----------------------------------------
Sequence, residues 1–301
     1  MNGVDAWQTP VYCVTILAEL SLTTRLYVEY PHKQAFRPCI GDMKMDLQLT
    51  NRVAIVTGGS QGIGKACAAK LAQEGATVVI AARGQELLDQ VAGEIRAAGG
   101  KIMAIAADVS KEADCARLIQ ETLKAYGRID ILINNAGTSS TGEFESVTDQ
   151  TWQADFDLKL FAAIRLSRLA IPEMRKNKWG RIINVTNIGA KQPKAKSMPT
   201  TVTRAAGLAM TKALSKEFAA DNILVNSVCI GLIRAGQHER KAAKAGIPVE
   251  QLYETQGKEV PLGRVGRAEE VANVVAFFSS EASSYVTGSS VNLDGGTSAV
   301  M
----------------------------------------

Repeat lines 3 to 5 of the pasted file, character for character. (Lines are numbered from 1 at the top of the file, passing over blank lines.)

    51  NRVAIVTGGS QGIGKACAAK LAQEGATVVI AARGQELLDQ VAGEIRAAGG
   101  KIMAIAADVS KEADCARLIQ ETLKAYGRID ILINNAGTSS TGEFESVTDQ
   151  TWQADFDLKL FAAIRLSRLA IPEMRKNKWG RIINVTNIGA KQPKAKSMPT